Bicycles

Litelok brings the bendiness with Flexi-U lock

Litelok brings the bendiness w...
Unlike the hard shackle of a traditional U-lock, the Litelok Flexi-U Silver's strap can bend to make its way around bike-locking obstacles
Unlike the hard shackle of a traditional U-lock, the Litelok Flexi-U Silver's strap can bend to make its way around bike-locking obstacles
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Litelok is offering the Flexi-U Silver in two sizes
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Litelok is offering the Flexi-U Silver in two sizes
Unlike the hard shackle of a traditional U-lock, the Litelok Flexi-U Silver's strap can bend to make its way around bike-locking obstacles
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Unlike the hard shackle of a traditional U-lock, the Litelok Flexi-U Silver's strap can bend to make its way around bike-locking obstacles
The Litelok Flexi-U Silver features a new locking mechanism
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The Litelok Flexi-U Silver features a new locking mechanism
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When it comes to locking your bike securely, a U-lock is pretty much the best way to go. The things are heavy, though, plus their rigid shackles can't be bent to pass around thick poles or other obstacles. That's where the Litelok Flexi-U Silver is designed to come in.

Like its predecessor, now being called the Litelok Gold, the Flexi-U incorporates a hardened aerospace-grade steel lock casing, along with a shackle-like strap made of a patented material known as Boaflexicore.

The latter consists of layers of high-tensile steel strands and a proprietary polymer composite. What results is a strap that is lightweight and flexible, yet reportedly still very resistant to damage by tools such as bolt cutters or hack saws.

One of the main things that sets the Flexi-U apart from the Gold is the fact that instead of its strap being completely circular in shape, it's U-shaped like the shackle of a U-lock. This feature makes it better suited to locking the frame and wheel of a bike to a nearby immovable object, such as a sign post.

Litelok is offering the Flexi-U Silver in two sizes
Litelok is offering the Flexi-U Silver in two sizes

The Flexi-U's strap is also lighter and more flexible than the Gold's, although this is due to the fact that it's narrower, and thus doesn't offer quite the same amount of security. British lock-testing organization Sold Secure thus gave the Flexi-U Silver a (still pretty good) Silver rating instead of a Gold, hence the lock's full name.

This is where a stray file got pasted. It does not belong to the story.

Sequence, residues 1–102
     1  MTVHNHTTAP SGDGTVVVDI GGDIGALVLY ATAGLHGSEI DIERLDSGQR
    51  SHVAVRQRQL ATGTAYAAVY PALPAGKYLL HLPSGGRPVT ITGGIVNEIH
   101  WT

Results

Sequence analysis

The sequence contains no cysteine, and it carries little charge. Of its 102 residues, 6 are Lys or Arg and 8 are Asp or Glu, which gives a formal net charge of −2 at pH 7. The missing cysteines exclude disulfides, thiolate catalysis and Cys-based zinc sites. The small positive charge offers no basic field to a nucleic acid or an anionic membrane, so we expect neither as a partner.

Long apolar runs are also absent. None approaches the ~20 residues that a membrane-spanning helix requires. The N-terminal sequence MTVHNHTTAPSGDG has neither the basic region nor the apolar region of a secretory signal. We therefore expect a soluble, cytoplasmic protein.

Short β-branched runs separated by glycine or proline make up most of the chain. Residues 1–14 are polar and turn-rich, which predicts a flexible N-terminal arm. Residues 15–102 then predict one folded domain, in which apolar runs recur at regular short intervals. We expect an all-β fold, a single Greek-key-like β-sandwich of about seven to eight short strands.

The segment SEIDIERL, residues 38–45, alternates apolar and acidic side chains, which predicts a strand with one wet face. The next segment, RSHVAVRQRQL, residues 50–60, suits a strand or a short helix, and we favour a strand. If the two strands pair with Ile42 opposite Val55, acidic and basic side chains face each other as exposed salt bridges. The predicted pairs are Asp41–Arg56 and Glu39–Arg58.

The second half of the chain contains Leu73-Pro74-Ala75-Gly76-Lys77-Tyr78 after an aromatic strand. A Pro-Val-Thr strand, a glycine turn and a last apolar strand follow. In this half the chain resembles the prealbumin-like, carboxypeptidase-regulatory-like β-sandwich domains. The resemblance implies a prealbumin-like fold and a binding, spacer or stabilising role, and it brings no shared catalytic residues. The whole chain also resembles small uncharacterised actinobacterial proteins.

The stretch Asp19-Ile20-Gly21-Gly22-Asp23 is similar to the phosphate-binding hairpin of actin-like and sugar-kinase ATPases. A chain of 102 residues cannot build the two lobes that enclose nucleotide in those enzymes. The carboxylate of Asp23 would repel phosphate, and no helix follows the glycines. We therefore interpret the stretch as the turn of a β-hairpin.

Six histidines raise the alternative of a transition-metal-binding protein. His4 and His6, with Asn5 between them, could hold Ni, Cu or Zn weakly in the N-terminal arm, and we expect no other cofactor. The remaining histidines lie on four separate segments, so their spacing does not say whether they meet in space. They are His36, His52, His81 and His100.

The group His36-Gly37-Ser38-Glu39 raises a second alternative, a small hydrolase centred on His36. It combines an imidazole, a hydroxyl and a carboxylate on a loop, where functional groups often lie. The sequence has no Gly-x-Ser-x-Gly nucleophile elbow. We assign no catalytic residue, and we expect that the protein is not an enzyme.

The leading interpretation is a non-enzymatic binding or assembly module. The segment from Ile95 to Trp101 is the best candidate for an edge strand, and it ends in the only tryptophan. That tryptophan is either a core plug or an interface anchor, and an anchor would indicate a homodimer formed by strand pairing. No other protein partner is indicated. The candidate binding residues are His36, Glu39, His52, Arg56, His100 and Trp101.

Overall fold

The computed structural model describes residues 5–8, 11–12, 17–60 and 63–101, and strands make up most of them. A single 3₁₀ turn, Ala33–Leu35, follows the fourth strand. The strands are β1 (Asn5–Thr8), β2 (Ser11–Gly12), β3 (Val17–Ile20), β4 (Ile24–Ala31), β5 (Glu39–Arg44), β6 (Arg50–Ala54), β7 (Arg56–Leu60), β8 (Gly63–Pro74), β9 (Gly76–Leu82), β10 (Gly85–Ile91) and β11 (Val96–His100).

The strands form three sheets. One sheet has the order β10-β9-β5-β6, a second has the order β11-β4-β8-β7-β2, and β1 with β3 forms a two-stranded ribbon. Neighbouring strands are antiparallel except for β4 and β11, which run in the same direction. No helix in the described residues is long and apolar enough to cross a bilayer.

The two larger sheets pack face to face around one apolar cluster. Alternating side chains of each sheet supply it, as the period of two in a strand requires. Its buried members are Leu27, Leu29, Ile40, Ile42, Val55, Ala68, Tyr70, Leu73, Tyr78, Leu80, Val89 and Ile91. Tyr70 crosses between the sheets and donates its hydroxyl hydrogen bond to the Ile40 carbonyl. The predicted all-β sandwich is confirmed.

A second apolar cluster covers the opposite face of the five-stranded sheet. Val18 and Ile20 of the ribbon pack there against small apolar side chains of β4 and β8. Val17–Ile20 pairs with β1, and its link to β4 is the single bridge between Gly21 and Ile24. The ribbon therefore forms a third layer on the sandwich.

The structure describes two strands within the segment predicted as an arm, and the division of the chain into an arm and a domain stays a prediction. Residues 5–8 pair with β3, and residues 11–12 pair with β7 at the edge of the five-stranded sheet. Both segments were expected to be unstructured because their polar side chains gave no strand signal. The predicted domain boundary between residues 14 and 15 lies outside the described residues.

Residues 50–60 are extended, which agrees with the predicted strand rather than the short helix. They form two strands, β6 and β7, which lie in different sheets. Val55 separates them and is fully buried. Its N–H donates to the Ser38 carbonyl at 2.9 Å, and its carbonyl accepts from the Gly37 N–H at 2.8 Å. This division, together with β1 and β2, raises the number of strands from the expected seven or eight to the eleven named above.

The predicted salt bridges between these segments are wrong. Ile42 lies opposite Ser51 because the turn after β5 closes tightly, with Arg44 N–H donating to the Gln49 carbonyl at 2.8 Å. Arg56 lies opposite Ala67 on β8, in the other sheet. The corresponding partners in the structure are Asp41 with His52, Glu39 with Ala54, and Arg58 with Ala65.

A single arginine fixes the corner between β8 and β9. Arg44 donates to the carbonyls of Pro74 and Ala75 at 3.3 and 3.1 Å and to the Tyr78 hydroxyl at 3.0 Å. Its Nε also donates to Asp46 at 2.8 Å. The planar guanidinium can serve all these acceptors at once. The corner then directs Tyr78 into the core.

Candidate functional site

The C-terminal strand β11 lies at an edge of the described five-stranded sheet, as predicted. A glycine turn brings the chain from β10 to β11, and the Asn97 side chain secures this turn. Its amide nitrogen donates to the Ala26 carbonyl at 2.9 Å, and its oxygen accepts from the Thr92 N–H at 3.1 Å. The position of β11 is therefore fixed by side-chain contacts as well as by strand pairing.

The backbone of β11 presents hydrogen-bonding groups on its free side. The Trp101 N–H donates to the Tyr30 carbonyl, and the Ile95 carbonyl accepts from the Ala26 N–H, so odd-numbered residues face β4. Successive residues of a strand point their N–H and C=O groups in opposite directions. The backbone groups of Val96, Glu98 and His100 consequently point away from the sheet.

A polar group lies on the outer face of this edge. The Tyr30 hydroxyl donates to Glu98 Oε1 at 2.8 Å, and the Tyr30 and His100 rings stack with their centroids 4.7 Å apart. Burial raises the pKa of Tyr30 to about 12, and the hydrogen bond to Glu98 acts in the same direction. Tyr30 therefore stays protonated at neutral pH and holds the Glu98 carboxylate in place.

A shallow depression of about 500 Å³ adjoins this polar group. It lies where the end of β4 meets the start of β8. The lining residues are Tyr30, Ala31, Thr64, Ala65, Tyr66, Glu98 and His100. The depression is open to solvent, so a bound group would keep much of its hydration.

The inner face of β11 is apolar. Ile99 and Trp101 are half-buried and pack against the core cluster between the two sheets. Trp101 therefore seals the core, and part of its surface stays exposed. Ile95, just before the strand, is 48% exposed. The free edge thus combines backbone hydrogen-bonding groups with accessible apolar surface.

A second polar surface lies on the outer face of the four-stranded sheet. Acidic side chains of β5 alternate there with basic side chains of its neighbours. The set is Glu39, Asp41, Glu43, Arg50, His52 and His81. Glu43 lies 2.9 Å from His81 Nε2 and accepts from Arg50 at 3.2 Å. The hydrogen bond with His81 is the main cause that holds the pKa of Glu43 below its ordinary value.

Additionally, we're told that the Flexi-U incorporates a new vertically-aligned locking mechanism, which is easier to operate than that of the Gold.

The Litelok Flexi-U Silver is available now in Regular and Large sizes, weighing a claimed 640 and 730 g (1.4 and 1.6 lb) respectively. They're priced at US$100 and $120, and can be ordered via the link below.

Source: Litelok

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3 comments
bobobo1618
It's a nice idea but it doesn't work. These can be cut easily: https://www.youtube.com/watch?v=D-On0DGcDlc

Maybe better than a cheap cable lock but not by any means high security.
David V
I have a couple of Liteloks. The first thing to say about the video cutting the lock is that it doesn't show the lock being cut in a situation anything like similar to an everyday locked bike situation. So the guy has already lost any credibility for me. You can open any lock in a garage out of sight with the right tools and under no stress. If your bike is locked with 2 locks in a row of classic bike street furniture tubes with other bikes, there is just no room to use a 3 foot cutter. Add to that if it's daylight and in a public place, it's just not going to happen.
If you value your bike, you should use 2 locks anyway. A U and another. I would go for a different type too so why not a Litelok. They have the advantage of being very light. If you're just tying up your bike to a post the time to have a coffee or a beer, it's ideal. If you're leaving it overnight somewhere then you will need 2 locks anyway and a different mindset. These locks are far better than the cheaper coiled ones whatever the video shows.
Trylon
@David V, You're dead wrong. First of all, a lot of bikes aren't locked to bike racks in "everyday locked bike situations," but rather sign posts, parking meters, etc. Even in bike racks, there obviously has to be enough room to reach the lock to lock and unlock it. You're forgetting that the way the lock is normally used is horizontally, so the cable cutter would be held vertically. Plenty of room to hold the cutters up, brace it against your shoulder and pull hard with both hands. And if you think people are going to stop a thief, you really haven't watched the demonstration videos where a fake "thief" uses an angle grinder on a U-lock in plain sight in broad daylight and nobody even questions him. By the time the police arrive, a thief would be long gone after snipping through the Litelok in 30 seconds and riding away.